Three of the six Managing Authorities visited chose to outsource this task for at least some of their SCOs as they did not have the resources or expertise available in-house: Denmark, Languedoc-Roussillon and Sweden. Despite the additional workload or cost for developing SCOs, the Managing Authorities in the Member States visited found it worth investing in developing the SCO methodology, given the (expected) simplification and time savings at administration and beneficiary level during implementation.19
The legislator can include in the regulations rates and amounts to be used as SCOs. If these SCOs are ready to be used by the Member State authorities without preparing any methodology or calculations, these are called off-the-shelf SCOs. See Box 5 for examples of off-the-shelf SCOs currently available for rural development support15.
“Off-the-shelf” SCOs in rural development
Indirect costs: Member States authorities can calculate them as a flat rate of up to 15 % of eligible direct staff costs without having to prepare any calculation to justify the rate used.
Staff costs: Member State authorities can calculate the hourly rate by dividing the latest documented annual gross employment costs by 1 720 hours.
For off-the-shelf SCOs provided for in the regulation, such as flat rate compensation for indirect costs, the Managing Authorities do not need to justify the percentage used. This is particularly advantageous for the Member State authorities as they do not need to prepare any methodology, yet can reap the benefits from a simplified application and payment procedure.
… they save time during administrative checks21
Staff of the relevant authorities needs to carry out administrative checks on applications for support and payment claims. We investigated how these checks change when payments are made with SCOs, by examining relevant legislation16, Member State procedures and checks carried out for projects paid with and without SCOs. Table 2 provides examples of this.
|Type of SCO||Stage||2014-2020 (with SCOs)||2007-2013 (no SCOs)|
|Flat rate: indirect costs paid as 15 % of eligible direct staff costs||Application for support||None||Check on reasonableness of costs and justification of the distribution key|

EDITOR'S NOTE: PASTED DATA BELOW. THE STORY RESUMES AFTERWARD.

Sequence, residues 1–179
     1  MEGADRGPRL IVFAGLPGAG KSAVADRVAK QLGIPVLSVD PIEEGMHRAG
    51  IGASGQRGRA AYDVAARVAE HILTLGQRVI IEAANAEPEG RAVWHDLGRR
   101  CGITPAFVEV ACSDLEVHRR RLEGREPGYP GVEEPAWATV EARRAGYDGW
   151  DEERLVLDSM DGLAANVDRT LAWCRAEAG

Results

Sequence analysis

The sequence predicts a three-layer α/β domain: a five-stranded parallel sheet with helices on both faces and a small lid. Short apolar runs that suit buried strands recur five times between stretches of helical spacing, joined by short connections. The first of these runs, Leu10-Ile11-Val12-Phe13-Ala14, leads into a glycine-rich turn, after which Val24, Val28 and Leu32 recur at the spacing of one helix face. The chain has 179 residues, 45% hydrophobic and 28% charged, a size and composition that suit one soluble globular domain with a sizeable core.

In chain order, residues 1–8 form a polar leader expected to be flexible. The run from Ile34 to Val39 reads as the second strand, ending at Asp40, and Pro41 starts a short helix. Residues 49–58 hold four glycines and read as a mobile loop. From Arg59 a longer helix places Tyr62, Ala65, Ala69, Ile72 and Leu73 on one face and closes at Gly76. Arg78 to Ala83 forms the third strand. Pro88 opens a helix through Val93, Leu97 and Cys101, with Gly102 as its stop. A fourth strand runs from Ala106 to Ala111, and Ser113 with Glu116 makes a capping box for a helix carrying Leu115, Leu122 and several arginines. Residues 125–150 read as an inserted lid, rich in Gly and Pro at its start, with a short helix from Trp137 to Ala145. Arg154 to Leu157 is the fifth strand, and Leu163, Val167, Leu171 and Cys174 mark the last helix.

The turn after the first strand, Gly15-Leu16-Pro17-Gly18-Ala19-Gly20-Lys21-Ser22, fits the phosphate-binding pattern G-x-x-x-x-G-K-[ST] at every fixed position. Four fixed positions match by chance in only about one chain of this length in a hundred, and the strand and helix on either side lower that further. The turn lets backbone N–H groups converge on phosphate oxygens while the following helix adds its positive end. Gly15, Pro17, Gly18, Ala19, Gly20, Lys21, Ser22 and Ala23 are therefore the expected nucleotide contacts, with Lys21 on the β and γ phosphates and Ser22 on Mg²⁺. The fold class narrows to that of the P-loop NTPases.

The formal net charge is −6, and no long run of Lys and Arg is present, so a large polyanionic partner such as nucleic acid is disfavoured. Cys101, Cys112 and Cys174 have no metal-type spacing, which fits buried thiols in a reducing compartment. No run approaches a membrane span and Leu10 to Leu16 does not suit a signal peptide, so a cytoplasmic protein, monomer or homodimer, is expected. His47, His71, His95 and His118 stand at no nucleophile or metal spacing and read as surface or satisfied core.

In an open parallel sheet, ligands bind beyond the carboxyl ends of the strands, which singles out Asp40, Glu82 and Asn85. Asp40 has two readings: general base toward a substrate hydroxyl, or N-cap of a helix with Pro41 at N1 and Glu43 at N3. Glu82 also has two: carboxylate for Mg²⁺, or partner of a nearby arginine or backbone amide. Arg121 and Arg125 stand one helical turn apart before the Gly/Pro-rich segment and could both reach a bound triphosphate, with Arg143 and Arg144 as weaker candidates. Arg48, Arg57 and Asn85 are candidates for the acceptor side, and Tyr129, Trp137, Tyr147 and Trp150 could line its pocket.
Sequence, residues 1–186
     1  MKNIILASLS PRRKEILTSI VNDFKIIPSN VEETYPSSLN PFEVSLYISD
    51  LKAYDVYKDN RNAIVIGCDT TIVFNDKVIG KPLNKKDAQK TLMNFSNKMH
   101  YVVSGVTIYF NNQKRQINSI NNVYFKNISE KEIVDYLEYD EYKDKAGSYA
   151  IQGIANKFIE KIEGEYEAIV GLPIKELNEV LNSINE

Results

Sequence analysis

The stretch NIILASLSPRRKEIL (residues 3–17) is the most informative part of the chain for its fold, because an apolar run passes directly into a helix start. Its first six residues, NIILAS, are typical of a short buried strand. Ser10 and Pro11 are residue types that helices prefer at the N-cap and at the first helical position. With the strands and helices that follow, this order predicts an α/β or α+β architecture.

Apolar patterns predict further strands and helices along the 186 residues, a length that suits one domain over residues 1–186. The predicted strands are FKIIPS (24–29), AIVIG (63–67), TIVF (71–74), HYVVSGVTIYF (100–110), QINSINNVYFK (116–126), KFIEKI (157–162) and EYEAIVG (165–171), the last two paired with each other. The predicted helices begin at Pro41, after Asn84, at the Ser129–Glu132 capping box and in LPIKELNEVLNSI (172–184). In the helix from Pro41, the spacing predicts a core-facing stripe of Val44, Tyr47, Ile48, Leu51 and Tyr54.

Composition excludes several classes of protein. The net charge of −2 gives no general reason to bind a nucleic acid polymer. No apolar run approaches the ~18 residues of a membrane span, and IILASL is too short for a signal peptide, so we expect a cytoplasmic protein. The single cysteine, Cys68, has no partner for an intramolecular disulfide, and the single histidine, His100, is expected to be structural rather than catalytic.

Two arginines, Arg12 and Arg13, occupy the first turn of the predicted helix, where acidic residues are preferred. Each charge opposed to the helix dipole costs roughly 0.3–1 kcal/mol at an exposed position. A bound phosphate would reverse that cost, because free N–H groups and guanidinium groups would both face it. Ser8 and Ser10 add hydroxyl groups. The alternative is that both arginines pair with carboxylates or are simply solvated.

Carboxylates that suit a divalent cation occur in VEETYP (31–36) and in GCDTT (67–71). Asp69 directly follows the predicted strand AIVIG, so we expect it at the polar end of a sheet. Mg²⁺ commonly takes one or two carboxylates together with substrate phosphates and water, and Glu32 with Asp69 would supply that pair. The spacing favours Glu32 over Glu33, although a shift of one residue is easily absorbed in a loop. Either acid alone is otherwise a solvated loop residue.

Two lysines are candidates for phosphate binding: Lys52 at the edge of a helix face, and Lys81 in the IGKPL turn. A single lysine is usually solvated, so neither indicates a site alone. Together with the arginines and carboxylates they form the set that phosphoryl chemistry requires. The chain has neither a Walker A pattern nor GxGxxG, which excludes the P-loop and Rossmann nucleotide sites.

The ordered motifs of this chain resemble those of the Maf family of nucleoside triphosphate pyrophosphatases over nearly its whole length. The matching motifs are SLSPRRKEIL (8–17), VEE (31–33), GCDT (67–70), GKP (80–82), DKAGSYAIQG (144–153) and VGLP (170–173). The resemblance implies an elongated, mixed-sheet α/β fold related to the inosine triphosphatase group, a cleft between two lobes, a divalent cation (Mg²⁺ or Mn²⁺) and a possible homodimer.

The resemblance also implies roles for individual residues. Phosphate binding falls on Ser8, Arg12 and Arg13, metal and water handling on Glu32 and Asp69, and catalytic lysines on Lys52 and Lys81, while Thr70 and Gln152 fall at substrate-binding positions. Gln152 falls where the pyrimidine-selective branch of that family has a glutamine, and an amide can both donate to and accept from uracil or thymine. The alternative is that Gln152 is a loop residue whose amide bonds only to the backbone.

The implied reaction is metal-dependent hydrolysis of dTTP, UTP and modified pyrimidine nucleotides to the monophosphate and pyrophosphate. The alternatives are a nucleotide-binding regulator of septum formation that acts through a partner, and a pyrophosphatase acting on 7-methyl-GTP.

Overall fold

|Payment claim||Calculation of 15 % of eligible staff costs1||Check on costs incurred and payments made:|
-Examination of invoices, proofs of payment, salary slips and time sheets (if salaries are included in indirect costs)
-Examination and recalculation of distribution key for indirect costs
|Unit costs for livestock housing paid per animal place or m2||Application for support||Verification of number of units compared to the project scope (costs calculated automatically)||Check on reasonableness of costs, through comparison of offers or another evaluation system such as reference costs|
|Payment claim||Verification of quantities claimed||Check on costs incurred and payments made:
-Examination of cost specification, invoices and proofs of payment
1The eligibility of the direct staff costs must be checked, but this is the case irrespective of whether flat rates are based on staff costs.
NB: The table includes only the administrative checks affected by using SCOs.
The Paying Agency staff in the six Member States visited told us that checking the reasonableness of costs17 used to be time-consuming, especially in the cases where clarifications were needed or the offers were not of sufficient quality. At the payment claim stage, Paying Agencies save time by not checking invoices or proofs of payment when payments are based on SCOs.23
Before making a payment, Paying Agency staff check compliance with the conditions for receiving support. They compare the completed operation with the operation for which support was granted and normally carry out a visit to verify that the operation has in fact been completed18. These checks do not change when using SCOs.24
For payments based on unit costs, Paying Agency staff needs to verify quantities. Member States can decide for themselves how to check this. Many of them use visits to the beneficiaries to verify the quantities and to ensure that the completed operation is in line with the aid decision. For operations not visited, the Member States need to find other means to verify the quantities involved and that the operation is genuine. The Canary Islands Paying Agency, for example, uses registers of agricultural vehicles to verify ownership, and Denmark uses satellite images to verify the existence of manure storage facilities.25
When using flat rates, the eligible costs are calculated as a percentage of other categories of eligible costs. All six19 RDPs selected for an audit visit use flat rates for indirect costs, and the Member State authorities cited this as a good illustration of simplification. An example is provided in Box 6.
Example of documentation for indirect costs